Under state law, according to Johnson, the so-called adverse inspection Plum Creek received from state regulators means automatic expulsion from Current Use. Plum Creek owns 86,000 acres in Vermont. The rest of its land, also in Current Use, will not be subject to sanctions.

    The 56,000-acre parcel spans eight towns – Averill, Avery's Gore, Bloomfield, Brighton, Brunswick, Lemington, Lewis and Morgan – in Essex, Orleans and Caledonia counties. The vast majority of the tract is in Essex County.

    Plum Creek bought the land in the fall of 2008 from the Essex Timber Co. The land formerly belonged to the paper company Champion International and was the subject of the largest land-conservation project in the history of the state when the Vermont Land Trust acquired a conservation easement on it in 1999.



    Considering appeal

    Mark Doty, community affairs director for Plum Creek, admitted that the logging operation in Lemington ran contrary to the company's harvesting plan.

    “The adverse inspection we take responsibility for,” Doty said Friday. “There was heavier cutting than we'd planned, for sure.”

    Doty said Plum Creek has taken steps to avoid similar mistakes, including the addition of a new forester to help oversee the property and heightened training for loggers working on the land. He said Plum Creek also has scaled back cutting on the parcel since the violations occurred as it works to identify what went wrong.

    But Doty said sanctions should be limited to the 140 acres on which the improper cutting occurred, not the entire 56,000-acre parcel.

    “Because the involved area represents less than one-quarter of 1 percent of the 56,604 acres determined to be removed from (Current Use), we think this is a unique situation,” Doty said by e-mail after being interviewed. “With that in mind, we are considering an appeal that will allow us to talk further with the Department of Forests, Parks and Recreation about the large number of acres being removed from the program.”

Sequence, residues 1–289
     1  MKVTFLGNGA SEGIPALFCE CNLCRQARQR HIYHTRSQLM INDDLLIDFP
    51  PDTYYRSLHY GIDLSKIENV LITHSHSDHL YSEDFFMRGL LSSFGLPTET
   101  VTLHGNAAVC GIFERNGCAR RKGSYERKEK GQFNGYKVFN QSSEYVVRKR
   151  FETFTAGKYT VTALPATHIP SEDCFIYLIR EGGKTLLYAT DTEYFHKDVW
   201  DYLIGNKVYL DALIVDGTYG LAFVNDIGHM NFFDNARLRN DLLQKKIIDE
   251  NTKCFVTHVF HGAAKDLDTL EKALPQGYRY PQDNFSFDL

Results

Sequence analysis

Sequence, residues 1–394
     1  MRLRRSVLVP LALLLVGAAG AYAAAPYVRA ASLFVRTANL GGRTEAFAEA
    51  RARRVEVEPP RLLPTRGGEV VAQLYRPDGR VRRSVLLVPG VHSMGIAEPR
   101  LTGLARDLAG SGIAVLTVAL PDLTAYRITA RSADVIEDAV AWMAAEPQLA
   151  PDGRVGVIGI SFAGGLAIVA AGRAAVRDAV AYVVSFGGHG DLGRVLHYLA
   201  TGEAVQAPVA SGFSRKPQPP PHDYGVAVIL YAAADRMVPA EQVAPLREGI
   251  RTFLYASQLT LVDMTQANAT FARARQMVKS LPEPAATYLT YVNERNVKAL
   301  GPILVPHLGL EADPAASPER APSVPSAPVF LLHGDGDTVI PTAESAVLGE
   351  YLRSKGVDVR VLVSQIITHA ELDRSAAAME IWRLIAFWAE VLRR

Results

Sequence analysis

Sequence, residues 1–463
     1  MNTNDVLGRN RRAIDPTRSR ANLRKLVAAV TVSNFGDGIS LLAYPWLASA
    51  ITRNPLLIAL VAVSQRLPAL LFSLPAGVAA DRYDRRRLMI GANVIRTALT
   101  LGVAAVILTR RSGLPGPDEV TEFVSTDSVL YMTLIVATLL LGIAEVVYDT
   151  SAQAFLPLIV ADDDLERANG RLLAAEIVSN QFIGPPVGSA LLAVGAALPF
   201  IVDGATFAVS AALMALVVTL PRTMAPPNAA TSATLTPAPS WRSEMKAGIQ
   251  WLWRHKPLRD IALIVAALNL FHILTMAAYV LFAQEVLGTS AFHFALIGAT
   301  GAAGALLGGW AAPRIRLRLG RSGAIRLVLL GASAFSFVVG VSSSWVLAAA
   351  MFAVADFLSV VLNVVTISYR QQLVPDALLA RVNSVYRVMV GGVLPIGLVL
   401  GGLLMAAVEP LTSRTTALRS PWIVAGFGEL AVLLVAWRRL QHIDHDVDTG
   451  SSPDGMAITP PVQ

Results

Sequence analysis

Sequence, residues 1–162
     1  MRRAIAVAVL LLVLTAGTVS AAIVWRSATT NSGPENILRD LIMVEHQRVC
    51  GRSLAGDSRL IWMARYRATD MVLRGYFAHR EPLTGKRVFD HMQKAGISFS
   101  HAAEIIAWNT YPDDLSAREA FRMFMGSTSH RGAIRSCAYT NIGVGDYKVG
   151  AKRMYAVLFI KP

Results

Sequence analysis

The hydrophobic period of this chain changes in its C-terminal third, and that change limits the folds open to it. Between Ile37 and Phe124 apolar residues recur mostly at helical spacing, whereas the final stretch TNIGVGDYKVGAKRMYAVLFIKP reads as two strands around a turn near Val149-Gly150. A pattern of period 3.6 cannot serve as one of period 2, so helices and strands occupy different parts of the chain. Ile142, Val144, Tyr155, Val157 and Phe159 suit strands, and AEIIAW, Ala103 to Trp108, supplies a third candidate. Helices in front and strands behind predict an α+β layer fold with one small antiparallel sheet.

Natural Resources Secretary Jonathan Wood, whose agency oversees the Department of Forests, Parks and Recreation, said the improper cutting is not symptomatic of larger problems with Plum Creek, which he called an excellent land steward.

    Plum Creek owns more than 7 million acres around the country and is the largest private landowner in the nation.

    Wood said the management plans covering forest owners in the Current Use program ensure top-shelf stewardship of Vermont's forests. Because Plum Creek's land in Vermont is already under a conservation easement with the Vermont Land Trust, he said, residents can be sure it will continue to be managed well despite its removal from the program.

    Doty said he expects that Plum Creek will continue to harvest timber on the affected parcel, but Wood says he worries that the company's increased tax burden could affect its operations in Vermont, perhaps hurting a local logging industry already hit hard by economic forces.

    “I have a concern for all forest landowners and feel they are being generally overtaxed, and the Current Use program is the only mechanism we have right now to bring taxation even close to what is fair for forestland investors,” Wood said.

    Over the winter, Doty said, the parcel supported 24 contracted jobs. Currently, he said, 10 contractors are working on the land.

    “We plan to continue to manage these lands and the others we own in Vermont to the highest silvicultural standards,” he said. “We want Vermont to be proud of us.”